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It has been a little over a dozen years since Thomas Schreiner argued in this journal that Romans 9 teaches individual election unto salvation.1 He correctly points out that Romans 9 is a standard proof text for Calviniste, who hold that God unconditionally elects individuals to be saved. He also correctly observes that scholars increasingly reject the Calvinist exegesis of the chapter as a misreading of the text.2 His article seeks to refute two common objections to the Calvinist interpretation, namely, that Romans 9 (1) addresses historical, national destiny rather than salvation; and/or (2) relates to the salvation of groups rather than individuals. I have no disagreement with the main thrust of Schreiner's first major point. Paul's argument in Romans 9 surely concerns the salvation of Israel.3 But I find his attempt to counter the primacy of corporate election in Romans 9 unpersuasive. This article will examine his case and seek to articulate the nature of election as it is represented in Romans 9.
II. CLARIFYING THE DEBATE AND UNDERCUTTING THE ARGUMENT: DETERMINING THE PRIMARY ORIENTATION OF ELECTION
Schreiner argues that the election described in Romans 9 "is both corporate and individual and that a reference to the former does not rule out the latter."4 Indeed, he maintains that corporate and individual election are inseparable, and that the former entails the latter.6 In one sense this must be true, but not in the individualistic way Schreiner means it. He appears to argue against a conception of corporate election that denies any place to the individual. This may be due to the position of the scholars he interacts with and/or some misunderstanding on his part of what corporate election entails.6 But in any case, I want to make it clear that when I speak of Romans 9 as containing corporate rather than individual election, I am speaking of the primary orientation of election, which of necessity must include individuals in its purview to some extent.7 But this in no way implies a traditional concept of individual election and actually undercuts much of Schreiner's argumentation. A proper view of corporate election, which takes full account of the place of individuals, avoids much of Schreiner's criticism.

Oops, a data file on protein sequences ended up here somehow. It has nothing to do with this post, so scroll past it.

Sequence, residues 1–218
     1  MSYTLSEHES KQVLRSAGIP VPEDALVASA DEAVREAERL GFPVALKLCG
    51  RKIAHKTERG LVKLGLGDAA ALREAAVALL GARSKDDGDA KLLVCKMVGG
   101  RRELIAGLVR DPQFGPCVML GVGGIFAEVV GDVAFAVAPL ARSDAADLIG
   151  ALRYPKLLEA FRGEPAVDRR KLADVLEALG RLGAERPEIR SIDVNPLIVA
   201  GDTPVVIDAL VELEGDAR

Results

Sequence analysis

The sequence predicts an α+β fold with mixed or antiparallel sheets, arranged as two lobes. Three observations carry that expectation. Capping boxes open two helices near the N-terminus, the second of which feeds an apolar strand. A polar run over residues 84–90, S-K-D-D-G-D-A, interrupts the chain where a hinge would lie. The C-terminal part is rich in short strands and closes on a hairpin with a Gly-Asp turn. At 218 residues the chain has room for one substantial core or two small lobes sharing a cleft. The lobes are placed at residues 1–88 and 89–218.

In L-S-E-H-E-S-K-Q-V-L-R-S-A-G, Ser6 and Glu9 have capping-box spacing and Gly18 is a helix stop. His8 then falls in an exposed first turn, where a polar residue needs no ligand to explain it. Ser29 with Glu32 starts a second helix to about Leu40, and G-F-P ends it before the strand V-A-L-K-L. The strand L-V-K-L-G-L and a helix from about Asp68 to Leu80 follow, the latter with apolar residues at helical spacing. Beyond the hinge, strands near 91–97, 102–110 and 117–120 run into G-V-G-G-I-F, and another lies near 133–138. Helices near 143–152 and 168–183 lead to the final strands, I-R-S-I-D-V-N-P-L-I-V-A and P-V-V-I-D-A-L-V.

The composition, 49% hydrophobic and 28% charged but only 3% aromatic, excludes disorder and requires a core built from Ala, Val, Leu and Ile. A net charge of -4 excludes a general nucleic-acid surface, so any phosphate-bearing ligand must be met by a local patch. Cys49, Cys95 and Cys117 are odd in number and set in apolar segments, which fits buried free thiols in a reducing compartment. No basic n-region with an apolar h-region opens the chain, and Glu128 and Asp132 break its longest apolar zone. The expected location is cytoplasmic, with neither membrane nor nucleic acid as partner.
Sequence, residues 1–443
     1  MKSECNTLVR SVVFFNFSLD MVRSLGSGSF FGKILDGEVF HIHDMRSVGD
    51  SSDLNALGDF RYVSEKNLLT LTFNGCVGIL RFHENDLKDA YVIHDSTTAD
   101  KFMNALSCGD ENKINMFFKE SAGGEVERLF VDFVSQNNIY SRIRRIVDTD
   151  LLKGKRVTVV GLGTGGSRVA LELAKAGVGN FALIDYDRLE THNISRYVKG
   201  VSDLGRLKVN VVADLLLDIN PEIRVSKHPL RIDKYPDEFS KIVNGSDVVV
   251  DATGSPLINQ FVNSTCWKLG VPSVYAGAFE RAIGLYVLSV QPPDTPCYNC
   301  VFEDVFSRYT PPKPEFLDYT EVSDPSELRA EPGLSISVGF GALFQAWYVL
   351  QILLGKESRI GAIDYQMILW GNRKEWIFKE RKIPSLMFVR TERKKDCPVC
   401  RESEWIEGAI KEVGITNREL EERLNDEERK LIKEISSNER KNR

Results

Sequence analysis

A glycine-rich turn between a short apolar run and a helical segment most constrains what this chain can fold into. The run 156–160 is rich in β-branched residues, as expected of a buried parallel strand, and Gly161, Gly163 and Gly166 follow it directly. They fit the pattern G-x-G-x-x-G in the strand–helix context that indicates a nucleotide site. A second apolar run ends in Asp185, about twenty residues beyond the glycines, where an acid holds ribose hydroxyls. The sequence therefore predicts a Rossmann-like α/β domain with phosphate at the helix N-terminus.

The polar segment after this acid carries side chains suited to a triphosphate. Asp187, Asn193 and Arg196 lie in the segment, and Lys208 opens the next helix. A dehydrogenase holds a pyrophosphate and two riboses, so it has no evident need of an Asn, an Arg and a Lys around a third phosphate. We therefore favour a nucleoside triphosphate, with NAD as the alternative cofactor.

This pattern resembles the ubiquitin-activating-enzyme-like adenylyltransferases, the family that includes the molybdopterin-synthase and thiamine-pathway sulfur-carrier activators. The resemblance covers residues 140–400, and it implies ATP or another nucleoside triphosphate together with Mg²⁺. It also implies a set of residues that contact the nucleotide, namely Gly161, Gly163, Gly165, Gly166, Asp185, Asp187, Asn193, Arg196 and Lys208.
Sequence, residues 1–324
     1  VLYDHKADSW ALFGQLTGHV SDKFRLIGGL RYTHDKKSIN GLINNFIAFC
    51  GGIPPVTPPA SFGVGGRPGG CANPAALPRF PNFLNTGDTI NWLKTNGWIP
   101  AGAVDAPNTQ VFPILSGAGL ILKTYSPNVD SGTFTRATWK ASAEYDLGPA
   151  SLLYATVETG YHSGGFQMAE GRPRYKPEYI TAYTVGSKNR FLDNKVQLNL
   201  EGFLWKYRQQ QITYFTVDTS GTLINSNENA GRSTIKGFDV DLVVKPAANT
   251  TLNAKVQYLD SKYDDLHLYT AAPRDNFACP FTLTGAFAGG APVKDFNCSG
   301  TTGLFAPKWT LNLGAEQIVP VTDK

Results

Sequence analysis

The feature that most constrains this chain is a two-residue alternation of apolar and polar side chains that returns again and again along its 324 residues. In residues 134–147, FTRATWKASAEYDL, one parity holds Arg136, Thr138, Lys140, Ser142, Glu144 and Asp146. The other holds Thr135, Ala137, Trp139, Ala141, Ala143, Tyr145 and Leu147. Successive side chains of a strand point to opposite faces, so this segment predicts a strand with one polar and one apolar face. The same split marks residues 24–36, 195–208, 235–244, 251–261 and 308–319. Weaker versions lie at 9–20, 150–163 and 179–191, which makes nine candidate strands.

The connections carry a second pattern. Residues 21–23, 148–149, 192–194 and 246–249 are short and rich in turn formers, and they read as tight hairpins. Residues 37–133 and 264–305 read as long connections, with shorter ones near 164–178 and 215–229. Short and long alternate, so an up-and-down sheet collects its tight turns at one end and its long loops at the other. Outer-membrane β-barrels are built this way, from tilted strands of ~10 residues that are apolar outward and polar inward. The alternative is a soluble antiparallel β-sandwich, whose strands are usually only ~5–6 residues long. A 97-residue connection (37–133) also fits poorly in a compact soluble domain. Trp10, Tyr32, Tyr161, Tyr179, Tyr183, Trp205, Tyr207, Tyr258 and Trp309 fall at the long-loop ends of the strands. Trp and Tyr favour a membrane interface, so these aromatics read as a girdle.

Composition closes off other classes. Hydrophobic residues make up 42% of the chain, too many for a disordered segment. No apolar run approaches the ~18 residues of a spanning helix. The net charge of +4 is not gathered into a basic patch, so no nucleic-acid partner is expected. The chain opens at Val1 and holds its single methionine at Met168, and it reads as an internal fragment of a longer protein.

Schreiner appears to contend for an election that is equally corporate and individual in orientation. But this is an untenable position, ironically due to the inextricable connection between the individual and the group to which Schreiner repeatedly calls attention. For there is a definite logical connection between the group and the individual, but this connection must be viewed primarily from either the corporate or the individual perspective. Interestingly, it can be viewed legitimately from either perspective, but not both equally at the same time. Either corporate or individual election must be primary (see below). The important question that Schreiner fails to address is: How do the corporate and individual aspects of election relate to each other? Which is primary?
If corporate election is primary, then it is the group that is the focus of election, and individuals are elect only in connection with the group. If individual election is primary, then individuals are separately the focus of election, and the group is elect only as a collection of elect individuals. Thus, either the corporate focus of election determines the identity and benefits of the individual based on participation in the group, or the individual focus of election determines the identity and benefits of the group based on the individuals who have been grouped together according to their similar individual characteristics/status. The fact that Schreiner repeatedly argues that corporate election entails Calvinistic individual election, amounting to an election of individuals as autonomous entities before God, only shows that he is assuming individual election to be primary. …